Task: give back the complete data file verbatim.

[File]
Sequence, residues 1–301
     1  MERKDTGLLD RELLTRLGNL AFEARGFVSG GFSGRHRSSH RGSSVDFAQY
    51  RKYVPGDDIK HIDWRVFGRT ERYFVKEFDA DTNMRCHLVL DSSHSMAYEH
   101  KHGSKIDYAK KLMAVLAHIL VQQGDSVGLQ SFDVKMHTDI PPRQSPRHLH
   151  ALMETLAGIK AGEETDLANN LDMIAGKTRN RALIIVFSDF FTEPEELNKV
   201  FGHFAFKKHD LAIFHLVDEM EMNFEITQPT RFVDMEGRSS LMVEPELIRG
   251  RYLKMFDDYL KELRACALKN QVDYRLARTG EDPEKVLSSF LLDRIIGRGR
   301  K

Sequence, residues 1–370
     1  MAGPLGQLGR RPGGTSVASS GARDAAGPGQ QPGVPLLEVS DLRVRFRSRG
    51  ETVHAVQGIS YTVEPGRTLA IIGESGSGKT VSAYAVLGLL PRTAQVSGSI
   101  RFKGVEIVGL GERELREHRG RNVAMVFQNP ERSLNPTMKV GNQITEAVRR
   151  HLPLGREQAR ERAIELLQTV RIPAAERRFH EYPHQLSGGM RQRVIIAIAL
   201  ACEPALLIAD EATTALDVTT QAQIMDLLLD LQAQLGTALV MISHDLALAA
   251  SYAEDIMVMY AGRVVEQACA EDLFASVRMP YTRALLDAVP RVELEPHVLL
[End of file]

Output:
Sequence, residues 1–301
     1  MERKDTGLLD RELLTRLGNL AFEARGFVSG GFSGRHRSSH RGSSVDFAQY
    51  RKYVPGDDIK HIDWRVFGRT ERYFVKEFDA DTNMRCHLVL DSSHSMAYEH
   101  KHGSKIDYAK KLMAVLAHIL VQQGDSVGLQ SFDVKMHTDI PPRQSPRHLH
   151  ALMETLAGIK AGEETDLANN LDMIAGKTRN RALIIVFSDF FTEPEELNKV
   201  FGHFAFKKHD LAIFHLVDEM EMNFEITQPT RFVDMEGRSS LMVEPELIRG
   251  RYLKMFDDYL KELRACALKN QVDYRLARTG EDPEKVLSSF LLDRIIGRGR
   301  K

Sequence, residues 1–370
     1  MAGPLGQLGR RPGGTSVASS GARDAAGPGQ QPGVPLLEVS DLRVRFRSRG
    51  ETVHAVQGIS YTVEPGRTLA IIGESGSGKT VSAYAVLGLL PRTAQVSGSI
   101  RFKGVEIVGL GERELREHRG RNVAMVFQNP ERSLNPTMKV GNQITEAVRR
   151  HLPLGREQAR ERAIELLQTV RIPAAERRFH EYPHQLSGGM RQRVIIAIAL
   201  ACEPALLIAD EATTALDVTT QAQIMDLLLD LQAQLGTALV MISHDLALAA
   251  SYAEDIMVMY AGRVVEQACA EDLFASVRMP YTRALLDAVP RVELEPHVLL